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Last Friday, Governor Inslee signed, and partially vetoed, Senate Bill 5052, titled the “Cannabis Patient Protection Act.” Americans for Safe Access and our members worked the legislative process every step of the way. It was a hard slog, and we didn’t get everything we wanted (not even the bill we wanted).
I am committed to ensuring a system that serves patients well and makes medicine available in a safe and accessible manner, just like we would do for any medicine.” – Governor Jay Inslee, April 27, 2015
That said, due to your activism the final result was much better for patients than many expected. We now have the opportunity to build a medical cannabis system in Washington shaped by stakeholders, including medical experts, patients, and industry leaders dedicated to patient health.
Improvements from what we saw in November to the bill signing on April 27, 2015 include:
- A proposed ban on inhaled whole plant products was scrapped early on due to the vocal outcry from the health care community
- Licenses will be available for stand-alone medical dispensaries, and leaders in the industry who have been building expertise and providing quality products will have a clear, merit-based path to get licensed
- Post Traumatic Stress Disorder (PTSD) and Traumatic Brain Injury (TBI) were added to the qualifying condition list, due in large part to outstanding work by the Veterans community
- Consistent messaging about the importance of affirmative defense led to basic legal protections being retained for qualifying patients who choose not to register
- Requirements on doctors to specify amounts and types of medication, which would violate a U.S. Supreme Court decision, were removed
- Cannabis Health and Beauty Aids (HABA) were defined in the legal lexicon for the first time ever and completely removed from the State’s Controlled Substances Act
- Buffer zone between cooperatives and marijuana retailers reduced from 25 miles to one mile
- After the bill passed, Governor Inslee stood strong to make sure that a cooperative option was preserved for patients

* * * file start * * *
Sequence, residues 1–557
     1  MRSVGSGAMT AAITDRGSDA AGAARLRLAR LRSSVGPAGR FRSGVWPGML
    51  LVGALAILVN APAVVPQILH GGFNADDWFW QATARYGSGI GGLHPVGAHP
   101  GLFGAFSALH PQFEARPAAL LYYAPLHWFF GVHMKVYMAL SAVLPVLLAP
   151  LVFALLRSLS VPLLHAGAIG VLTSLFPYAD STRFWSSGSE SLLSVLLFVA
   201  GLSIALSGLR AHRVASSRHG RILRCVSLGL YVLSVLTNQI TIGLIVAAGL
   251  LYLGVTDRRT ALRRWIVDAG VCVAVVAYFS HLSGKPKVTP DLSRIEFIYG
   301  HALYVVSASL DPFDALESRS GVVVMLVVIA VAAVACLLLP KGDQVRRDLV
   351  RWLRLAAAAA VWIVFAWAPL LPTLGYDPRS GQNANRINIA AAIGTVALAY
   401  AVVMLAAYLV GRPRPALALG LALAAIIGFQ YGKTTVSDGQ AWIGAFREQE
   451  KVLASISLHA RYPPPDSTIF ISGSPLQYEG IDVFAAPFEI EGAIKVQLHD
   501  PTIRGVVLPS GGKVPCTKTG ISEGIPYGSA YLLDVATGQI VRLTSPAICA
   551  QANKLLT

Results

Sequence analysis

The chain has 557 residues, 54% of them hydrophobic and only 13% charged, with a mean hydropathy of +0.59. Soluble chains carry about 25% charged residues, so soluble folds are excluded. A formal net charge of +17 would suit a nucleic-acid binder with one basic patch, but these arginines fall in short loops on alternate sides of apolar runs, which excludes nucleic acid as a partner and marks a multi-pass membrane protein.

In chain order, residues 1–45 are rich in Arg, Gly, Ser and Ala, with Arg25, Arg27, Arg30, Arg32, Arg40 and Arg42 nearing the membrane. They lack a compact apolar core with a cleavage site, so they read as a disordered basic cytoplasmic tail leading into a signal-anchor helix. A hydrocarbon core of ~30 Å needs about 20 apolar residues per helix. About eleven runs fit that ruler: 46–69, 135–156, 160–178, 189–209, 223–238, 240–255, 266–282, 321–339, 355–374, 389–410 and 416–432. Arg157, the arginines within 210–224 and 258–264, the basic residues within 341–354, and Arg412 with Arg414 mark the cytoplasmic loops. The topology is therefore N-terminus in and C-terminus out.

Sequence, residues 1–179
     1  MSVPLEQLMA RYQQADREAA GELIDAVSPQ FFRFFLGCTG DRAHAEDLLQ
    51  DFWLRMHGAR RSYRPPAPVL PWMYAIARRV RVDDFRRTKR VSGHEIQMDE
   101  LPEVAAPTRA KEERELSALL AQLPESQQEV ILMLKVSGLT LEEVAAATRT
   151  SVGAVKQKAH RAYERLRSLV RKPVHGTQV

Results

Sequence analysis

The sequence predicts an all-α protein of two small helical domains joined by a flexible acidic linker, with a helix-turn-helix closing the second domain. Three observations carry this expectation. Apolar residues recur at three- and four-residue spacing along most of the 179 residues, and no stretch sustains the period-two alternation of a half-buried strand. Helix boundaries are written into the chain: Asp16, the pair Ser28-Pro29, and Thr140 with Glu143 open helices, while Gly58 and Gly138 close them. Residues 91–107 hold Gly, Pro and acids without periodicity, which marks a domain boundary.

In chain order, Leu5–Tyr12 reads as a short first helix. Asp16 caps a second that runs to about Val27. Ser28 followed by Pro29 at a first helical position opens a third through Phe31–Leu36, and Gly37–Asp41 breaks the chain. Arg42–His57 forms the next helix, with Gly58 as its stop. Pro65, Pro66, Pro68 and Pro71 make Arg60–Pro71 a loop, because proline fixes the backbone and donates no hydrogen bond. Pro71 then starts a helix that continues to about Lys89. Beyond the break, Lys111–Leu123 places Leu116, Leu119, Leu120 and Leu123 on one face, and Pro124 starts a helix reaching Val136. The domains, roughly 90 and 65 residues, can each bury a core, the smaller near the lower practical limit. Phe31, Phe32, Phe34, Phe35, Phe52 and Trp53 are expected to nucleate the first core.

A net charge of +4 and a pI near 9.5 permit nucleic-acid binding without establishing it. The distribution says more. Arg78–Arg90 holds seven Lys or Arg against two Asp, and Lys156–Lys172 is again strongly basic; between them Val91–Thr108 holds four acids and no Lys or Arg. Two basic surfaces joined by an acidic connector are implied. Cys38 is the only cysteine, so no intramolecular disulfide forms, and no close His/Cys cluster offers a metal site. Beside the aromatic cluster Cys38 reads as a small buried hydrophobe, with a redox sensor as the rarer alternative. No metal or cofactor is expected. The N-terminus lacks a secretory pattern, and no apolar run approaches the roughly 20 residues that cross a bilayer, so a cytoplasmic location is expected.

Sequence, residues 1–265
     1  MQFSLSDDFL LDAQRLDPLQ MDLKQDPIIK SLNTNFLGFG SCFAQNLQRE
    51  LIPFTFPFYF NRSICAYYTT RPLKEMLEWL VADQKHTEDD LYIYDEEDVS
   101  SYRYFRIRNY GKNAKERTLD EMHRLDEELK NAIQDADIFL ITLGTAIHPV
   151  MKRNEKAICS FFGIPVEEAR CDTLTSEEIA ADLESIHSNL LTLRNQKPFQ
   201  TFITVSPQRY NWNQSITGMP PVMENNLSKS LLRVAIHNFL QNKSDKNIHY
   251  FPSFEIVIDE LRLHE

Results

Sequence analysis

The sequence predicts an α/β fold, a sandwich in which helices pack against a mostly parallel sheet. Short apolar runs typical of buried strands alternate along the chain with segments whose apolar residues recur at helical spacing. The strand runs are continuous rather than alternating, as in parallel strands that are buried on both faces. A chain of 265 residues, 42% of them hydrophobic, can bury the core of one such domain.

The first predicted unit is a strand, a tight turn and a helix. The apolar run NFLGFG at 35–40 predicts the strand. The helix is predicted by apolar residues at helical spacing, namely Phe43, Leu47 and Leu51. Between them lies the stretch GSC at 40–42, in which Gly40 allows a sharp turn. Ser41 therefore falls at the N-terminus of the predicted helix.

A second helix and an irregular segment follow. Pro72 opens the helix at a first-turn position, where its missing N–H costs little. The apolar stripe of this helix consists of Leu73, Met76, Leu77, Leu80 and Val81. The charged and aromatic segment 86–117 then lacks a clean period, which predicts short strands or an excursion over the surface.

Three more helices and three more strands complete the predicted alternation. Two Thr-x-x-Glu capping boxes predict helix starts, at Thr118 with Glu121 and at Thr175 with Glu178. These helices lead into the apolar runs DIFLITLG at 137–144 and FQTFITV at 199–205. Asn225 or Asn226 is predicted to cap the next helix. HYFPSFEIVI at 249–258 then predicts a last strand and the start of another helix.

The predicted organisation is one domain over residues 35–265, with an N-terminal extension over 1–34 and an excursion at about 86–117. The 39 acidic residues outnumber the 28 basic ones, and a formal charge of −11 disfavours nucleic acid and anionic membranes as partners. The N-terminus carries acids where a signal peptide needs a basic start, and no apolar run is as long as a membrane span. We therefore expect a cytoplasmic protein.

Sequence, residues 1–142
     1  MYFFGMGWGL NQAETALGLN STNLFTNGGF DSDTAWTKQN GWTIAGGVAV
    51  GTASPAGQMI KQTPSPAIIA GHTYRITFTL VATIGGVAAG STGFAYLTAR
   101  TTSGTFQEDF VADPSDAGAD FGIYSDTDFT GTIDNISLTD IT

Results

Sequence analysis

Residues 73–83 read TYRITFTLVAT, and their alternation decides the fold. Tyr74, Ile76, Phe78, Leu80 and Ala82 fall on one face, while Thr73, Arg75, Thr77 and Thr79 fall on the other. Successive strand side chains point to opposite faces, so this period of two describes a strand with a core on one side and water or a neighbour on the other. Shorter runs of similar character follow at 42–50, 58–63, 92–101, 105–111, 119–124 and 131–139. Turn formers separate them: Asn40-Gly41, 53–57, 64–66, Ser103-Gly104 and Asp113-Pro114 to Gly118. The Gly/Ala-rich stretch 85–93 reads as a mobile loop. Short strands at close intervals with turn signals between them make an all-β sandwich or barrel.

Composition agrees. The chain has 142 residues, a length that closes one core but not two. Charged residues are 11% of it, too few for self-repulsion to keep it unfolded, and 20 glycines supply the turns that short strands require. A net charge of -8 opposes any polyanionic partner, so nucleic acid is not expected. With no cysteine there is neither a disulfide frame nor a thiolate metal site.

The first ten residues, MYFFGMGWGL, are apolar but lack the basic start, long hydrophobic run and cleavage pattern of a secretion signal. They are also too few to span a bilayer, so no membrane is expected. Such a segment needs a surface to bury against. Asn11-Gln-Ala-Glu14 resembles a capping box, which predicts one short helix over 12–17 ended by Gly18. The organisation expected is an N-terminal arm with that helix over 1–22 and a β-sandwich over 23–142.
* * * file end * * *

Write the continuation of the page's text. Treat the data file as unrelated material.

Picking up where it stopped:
During the bill signing, Governor Inslee announced his veto of a few sections, including removing the removal of new felonies the bill created. Since the spirit of Initiative 692 in 1998 was to stop criminalizing the use of medical cannabis, ASA was heartened to see that change. Check out the Governor’s veto and signing statement from Friday here.
5052 is complicated with many moving (and missing) parts. To help clarify what will change for patients, Governor Inslee has posted a FAQ on SB 5052 (Cannabis Patient Protection Act) on his website. It clearly covers the issues that patients are most worried about, such as preserving affirmative defense, which keeps the registry voluntary, and providing a reasonable timeline and framework for patient providers to transition from the current collective garden model to licensed dispensaries and patient cooperatives. We appreciate Governor Inslee’s recognition that for the law to truly be a “Cannabis Patient Protection Act,” a lot more work is still needed. That work starts now.
Americans for Safe Access will be on the ground to make sure that the rulemaking process is patient-focused and medically driven. We’ll also be fighting for additional legislative improvements in the next legislative session. And we’ll be working to make sure that policymakers around Washington state hear directly from you: the patients who need to access their medicine each and every day. Talking to you and hearing your story is the best way legislators learn, and we’re excited to connect you with them.
So, what’s next? Another bill, House Bill 2136, contains a PARTIAL tax exemption (sales & use tax) for patients who register. But it leaves in a 37% excise tax on medical cannabis patients. We know that steep tax will harm patient access, and we’re making sure legislators are getting that message as Special Session convenes in Olympia today. Thank you if you already took action to ask the Senate to exempt patients from the excise tax. If you haven’t taken action yet, click here.
I call on the medical cannabis community to take this opportunity to step up, get involved, and work with the Governor’s office, Department of Health, Liquor and Cannabis Board, and other stakeholders to make a system that protects patients. The work that will happen in the next eight months will shape our future.
With your help, the vision of a brighter 2017 in Washington State is possible. Let’s get started.
Gov’s signing/veto statement: https://crmpublicwebservice.des.wa.gov/bats/attachment/vetomessage/c37d74e7-ddea-e411-8e68-005056ba1e68